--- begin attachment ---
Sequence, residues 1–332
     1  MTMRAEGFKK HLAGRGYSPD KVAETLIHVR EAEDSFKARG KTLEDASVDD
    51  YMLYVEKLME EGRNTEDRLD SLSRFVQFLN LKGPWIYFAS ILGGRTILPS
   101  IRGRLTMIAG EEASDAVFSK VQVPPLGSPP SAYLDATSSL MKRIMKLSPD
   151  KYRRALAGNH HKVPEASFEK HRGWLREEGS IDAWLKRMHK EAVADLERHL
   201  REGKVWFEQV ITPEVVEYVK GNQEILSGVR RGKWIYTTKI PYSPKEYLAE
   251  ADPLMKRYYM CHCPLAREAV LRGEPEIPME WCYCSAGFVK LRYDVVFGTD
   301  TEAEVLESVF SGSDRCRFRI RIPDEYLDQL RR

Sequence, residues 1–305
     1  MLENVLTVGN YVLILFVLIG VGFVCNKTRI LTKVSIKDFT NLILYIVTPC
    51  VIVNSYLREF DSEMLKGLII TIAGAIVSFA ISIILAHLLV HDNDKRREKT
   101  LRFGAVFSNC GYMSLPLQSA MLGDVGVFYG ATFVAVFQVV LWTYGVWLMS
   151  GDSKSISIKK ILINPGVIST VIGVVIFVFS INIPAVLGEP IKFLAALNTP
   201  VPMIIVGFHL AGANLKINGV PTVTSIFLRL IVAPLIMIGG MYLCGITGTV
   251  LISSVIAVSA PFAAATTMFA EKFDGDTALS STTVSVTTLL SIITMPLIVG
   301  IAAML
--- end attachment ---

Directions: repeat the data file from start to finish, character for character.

Sequence, residues 1–332
     1  MTMRAEGFKK HLAGRGYSPD KVAETLIHVR EAEDSFKARG KTLEDASVDD
    51  YMLYVEKLME EGRNTEDRLD SLSRFVQFLN LKGPWIYFAS ILGGRTILPS
   101  IRGRLTMIAG EEASDAVFSK VQVPPLGSPP SAYLDATSSL MKRIMKLSPD
   151  KYRRALAGNH HKVPEASFEK HRGWLREEGS IDAWLKRMHK EAVADLERHL
   201  REGKVWFEQV ITPEVVEYVK GNQEILSGVR RGKWIYTTKI PYSPKEYLAE
   251  ADPLMKRYYM CHCPLAREAV LRGEPEIPME WCYCSAGFVK LRYDVVFGTD
   301  TEAEVLESVF SGSDRCRFRI RIPDEYLDQL RR

Sequence, residues 1–305
     1  MLENVLTVGN YVLILFVLIG VGFVCNKTRI LTKVSIKDFT NLILYIVTPC
    51  VIVNSYLREF DSEMLKGLII TIAGAIVSFA ISIILAHLLV HDNDKRREKT
   101  LRFGAVFSNC GYMSLPLQSA MLGDVGVFYG ATFVAVFQVV LWTYGVWLMS
   151  GDSKSISIKK ILINPGVIST VIGVVIFVFS INIPAVLGEP IKFLAALNTP
   201  VPMIIVGFHL AGANLKINGV PTVTSIFLRL IVAPLIMIGG MYLCGITGTV
   251  LISSVIAVSA PFAAATTMFA EKFDGDTALS STTVSVTTLL SIITMPLIVG
   301  IAAML